Rainy Forecast

If you are planning a camping / paddling trip, and the forecast calls for 60+% chance of rain and/or thunderstorms, for every day of the trip, do you go anyway?


In Alaska yes
Any other place depends on if is someplace local where it could be put-off to another time.

When you are out there once the rain starts to fall you adjust to it as long as you are dressed properly.

Good luck on your decision !



If You Don’t Go…
The weather will be gorgeous.

I sometimes bail on a bad weather forecast but I can’t remember how many times the weatherman was wrong!

Lots of variables…

– Last Updated: Sep-20-06 1:00 PM EST –

For me there are lots of variables to consider when I'm making a decision.

How far do I have to drive to get there & back?
I won't drive 100 miles to spend 2 days paddling 20 miles of flatwater in the rain. But I have driven further to spend 2 days doing fewer miles of whitewater.

Where exactly is this outing going to occur? Some places I would go & endeavour to perservere, because it's a river I love, but seldom get to paddle.
Places I've been a hundred times before I'd probably bail out.

Who else is going? Some people I know have the necessary gear for virtually any weather, and an adapt to the situation mindset. Some of the worst "bad weather" outings I have been on are among the ones I remember most fondly. On the other hand; sleet coming down so hard that the weight of it collapsed my tent at 3 a.m. is not a fond memory. Ice covered mustache & beard are also not that much fun.

Is the prediction for rain, or are there thunderstorms with high winds, hail, and lightning predicted? I am "not" a big fan of lightning anywhere, at an time. Paddling into a 10 mph headwind is also not my idea of a fun time.

I led canoeing & backpacking outings (year round) for over 18 years. If it was on the schedule we went; so there is not much weather I haven't experienced on multiple occasions.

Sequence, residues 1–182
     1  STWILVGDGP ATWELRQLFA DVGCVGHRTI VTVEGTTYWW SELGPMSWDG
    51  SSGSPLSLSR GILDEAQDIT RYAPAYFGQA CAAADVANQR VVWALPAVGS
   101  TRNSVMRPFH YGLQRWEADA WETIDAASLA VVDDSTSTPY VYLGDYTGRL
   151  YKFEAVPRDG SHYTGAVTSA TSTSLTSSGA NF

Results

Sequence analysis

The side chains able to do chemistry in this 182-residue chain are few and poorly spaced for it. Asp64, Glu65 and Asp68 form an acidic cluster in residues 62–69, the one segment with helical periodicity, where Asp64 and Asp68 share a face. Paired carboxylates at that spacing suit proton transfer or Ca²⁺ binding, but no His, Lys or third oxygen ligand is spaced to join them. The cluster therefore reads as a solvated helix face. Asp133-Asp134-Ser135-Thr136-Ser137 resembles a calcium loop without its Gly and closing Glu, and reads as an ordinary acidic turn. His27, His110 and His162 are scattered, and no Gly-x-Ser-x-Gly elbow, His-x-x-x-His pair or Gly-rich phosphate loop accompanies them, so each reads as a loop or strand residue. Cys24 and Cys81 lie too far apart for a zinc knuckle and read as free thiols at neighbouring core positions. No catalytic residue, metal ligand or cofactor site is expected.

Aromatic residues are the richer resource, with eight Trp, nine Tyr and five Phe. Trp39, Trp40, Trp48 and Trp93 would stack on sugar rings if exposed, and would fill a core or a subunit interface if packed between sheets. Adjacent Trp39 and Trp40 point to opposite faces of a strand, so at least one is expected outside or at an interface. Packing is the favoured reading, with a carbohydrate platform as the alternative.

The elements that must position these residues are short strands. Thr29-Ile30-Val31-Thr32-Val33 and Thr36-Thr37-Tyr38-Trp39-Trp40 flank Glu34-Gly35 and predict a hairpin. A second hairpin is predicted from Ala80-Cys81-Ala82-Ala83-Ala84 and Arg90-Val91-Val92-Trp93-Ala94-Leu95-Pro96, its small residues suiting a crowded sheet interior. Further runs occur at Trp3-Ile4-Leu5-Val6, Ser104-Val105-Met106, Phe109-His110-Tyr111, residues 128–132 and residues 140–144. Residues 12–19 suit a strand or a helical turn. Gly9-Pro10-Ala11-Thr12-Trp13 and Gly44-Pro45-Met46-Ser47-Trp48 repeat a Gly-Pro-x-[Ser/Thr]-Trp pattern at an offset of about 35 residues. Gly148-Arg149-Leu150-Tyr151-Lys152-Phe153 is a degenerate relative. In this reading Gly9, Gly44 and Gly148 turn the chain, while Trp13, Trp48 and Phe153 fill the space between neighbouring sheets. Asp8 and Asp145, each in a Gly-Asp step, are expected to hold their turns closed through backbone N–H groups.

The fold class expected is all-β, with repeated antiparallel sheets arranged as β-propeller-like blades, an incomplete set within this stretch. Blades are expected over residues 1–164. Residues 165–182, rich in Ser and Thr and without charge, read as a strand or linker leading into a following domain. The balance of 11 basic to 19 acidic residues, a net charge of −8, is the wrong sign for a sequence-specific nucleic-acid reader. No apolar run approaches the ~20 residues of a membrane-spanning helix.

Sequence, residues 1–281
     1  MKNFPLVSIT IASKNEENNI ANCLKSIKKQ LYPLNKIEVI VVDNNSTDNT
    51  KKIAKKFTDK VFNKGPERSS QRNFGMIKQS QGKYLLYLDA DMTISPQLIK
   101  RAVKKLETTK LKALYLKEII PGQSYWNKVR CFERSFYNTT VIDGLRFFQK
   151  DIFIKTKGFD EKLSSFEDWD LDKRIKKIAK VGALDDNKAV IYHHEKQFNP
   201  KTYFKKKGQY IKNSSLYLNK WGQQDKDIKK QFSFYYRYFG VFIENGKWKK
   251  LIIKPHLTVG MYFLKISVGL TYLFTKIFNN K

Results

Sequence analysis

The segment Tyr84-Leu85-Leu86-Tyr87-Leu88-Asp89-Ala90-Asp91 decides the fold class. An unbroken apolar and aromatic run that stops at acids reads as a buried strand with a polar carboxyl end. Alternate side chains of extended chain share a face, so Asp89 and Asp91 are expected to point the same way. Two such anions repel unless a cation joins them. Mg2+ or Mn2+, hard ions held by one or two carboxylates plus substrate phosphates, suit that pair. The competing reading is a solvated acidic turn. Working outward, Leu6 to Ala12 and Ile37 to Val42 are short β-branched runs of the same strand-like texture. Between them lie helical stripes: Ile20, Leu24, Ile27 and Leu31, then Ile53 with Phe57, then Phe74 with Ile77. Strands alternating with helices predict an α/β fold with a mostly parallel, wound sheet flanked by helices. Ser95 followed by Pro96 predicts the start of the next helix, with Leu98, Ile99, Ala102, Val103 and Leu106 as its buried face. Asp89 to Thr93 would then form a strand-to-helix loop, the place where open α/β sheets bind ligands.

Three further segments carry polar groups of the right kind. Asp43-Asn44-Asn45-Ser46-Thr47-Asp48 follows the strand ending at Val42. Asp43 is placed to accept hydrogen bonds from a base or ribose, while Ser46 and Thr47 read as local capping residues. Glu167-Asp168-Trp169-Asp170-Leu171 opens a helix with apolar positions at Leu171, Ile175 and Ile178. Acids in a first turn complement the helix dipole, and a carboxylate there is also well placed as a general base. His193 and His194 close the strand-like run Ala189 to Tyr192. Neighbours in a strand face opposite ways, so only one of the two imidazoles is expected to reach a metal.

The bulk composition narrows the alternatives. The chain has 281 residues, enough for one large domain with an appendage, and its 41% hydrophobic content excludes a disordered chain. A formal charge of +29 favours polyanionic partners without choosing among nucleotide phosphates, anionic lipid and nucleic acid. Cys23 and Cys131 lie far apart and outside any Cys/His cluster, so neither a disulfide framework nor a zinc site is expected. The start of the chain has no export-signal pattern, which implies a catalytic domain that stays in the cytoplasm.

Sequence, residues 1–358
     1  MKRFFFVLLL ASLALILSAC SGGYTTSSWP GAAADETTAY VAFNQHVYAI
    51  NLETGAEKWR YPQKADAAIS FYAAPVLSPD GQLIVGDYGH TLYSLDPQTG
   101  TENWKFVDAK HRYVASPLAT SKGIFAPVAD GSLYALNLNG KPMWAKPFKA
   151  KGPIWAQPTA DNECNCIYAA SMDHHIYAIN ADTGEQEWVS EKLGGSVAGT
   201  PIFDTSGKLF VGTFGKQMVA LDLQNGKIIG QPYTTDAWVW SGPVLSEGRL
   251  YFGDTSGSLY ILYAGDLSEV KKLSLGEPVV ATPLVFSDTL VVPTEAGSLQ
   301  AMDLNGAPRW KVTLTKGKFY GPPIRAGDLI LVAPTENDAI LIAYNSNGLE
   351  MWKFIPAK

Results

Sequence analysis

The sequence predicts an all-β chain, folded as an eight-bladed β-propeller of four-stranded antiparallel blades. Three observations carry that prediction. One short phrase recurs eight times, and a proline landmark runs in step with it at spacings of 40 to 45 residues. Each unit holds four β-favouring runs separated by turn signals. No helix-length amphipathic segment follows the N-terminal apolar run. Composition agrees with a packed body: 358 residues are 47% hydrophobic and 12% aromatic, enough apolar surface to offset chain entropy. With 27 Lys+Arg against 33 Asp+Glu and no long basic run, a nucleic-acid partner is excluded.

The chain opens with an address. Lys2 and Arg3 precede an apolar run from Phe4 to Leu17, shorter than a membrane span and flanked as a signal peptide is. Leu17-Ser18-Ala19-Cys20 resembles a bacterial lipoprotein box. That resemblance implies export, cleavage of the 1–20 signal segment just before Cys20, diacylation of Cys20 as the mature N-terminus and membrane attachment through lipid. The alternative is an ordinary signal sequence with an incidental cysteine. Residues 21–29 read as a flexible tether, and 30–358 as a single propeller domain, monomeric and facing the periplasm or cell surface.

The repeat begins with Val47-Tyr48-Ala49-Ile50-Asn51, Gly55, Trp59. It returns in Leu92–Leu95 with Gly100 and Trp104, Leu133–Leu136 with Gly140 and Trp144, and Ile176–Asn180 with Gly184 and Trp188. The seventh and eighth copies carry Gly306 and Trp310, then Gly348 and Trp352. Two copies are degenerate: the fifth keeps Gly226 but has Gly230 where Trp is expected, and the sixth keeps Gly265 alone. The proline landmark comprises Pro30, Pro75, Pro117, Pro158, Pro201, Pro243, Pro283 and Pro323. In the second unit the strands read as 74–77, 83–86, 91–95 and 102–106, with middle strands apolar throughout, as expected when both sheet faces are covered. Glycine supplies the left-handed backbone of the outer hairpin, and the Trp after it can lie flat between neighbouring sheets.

As the years pass, I am into "suffering" less & less. I do however, remember quite fondly, the suffering of hundreds of "delinquents", during outings when "nasty" weather occured.


I figure that I am a fairly lucky person and 60% chance of weather means 40% change of sunshine. I do bring clothing and may change my paddle route.

Happy Paddling,


start slowly
I see in your profile you’re only starting out. I’d suggest not to bother with rainy day paddle/camp just yet. Unless you already have lots of rainy day gear, which I suspect not.

Me? I go out until it’s 80+% rain forecast. I’m in a kayak. I have a dry top so I won’t be wet unless I want to, (which incidentally I do, especially when it’s warm).

But when it’s 50 degrees and forecast to be 75% chance of rain, I know it’s likely to be cold and not much fun. I’d bail.

Camping is a little different. But the same principle applies. I’ve got a nice double walled tent that I know will stay bone dry even in a heavy downpour. So rain doesn’t bother me at all (except when it’s steady downpour during the time I’m SETTING UP camp). If your tent isn’t absolutely waterproof, it can be a miserable experience trying to get any rest in a swimming pool.

Old profile
I’ve revised it. I’m not afraid of the rain - just wondering how many people would drive a couple of hundred miles with such a forecast. The destination is exciting, and the people who will be there are great.


But then again, I’m in a kayak, half sealed in already. So with a dry top, I’m as dry as on a sunny day.

Oh yes, my old passion was biking. I took up kayaking so that I can still have fun outside even when it rains.

So my recommendation is heavily biased.

Where I live
There is such a variety of weather across the state that the sun is usually shining somewhere. I pick and choose for the most enjoyable circumstances. Can I camp in bad weather and paddle in when the water gets rough? Yeah. Is it enjoyable? Nah. You have 20 years on me and I no longer need to challenge my self against Ma Nature. If the company would be better than the weather when you are camp bound, then have a good time.

Its always raining where I live.
I kayak – and live – in Southeast Alaska’s Rain Forest; it’s always raining. A foot of rain fell in August – measurable rain every day of the month. It never got above 60. We kayaked over 400 miles in August on three separate trips, and pushed past 1100 miles since June 1st.

Don’t be a wuss. Buy a tarp and a bivy, and then buy another tarp for the kitchen. Get a rain-coat, some fire starter and go out and paddle.